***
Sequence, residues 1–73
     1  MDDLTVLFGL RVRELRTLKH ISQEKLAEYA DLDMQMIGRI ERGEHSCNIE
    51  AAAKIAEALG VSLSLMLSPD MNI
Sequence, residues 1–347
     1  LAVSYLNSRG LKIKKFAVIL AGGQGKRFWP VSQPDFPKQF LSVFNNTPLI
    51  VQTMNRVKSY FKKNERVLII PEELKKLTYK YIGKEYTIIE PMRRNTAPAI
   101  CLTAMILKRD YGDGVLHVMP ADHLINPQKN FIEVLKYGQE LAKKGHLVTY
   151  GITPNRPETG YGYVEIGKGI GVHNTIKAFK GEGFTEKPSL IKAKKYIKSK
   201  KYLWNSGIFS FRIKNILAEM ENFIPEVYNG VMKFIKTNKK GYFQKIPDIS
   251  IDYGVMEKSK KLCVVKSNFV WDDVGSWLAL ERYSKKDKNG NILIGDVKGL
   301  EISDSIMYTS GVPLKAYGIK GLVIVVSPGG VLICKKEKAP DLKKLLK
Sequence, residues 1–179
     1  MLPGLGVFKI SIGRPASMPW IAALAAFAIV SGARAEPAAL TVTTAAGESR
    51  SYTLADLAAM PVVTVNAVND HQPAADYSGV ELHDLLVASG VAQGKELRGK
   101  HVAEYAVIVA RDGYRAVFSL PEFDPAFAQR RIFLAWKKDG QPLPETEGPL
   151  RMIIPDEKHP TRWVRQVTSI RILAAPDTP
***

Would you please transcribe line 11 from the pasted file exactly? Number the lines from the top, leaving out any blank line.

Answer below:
   301  EISDSIMYTS GVPLKAYGIK GLVIVVSPGG VLICKKEKAP DLKKLLK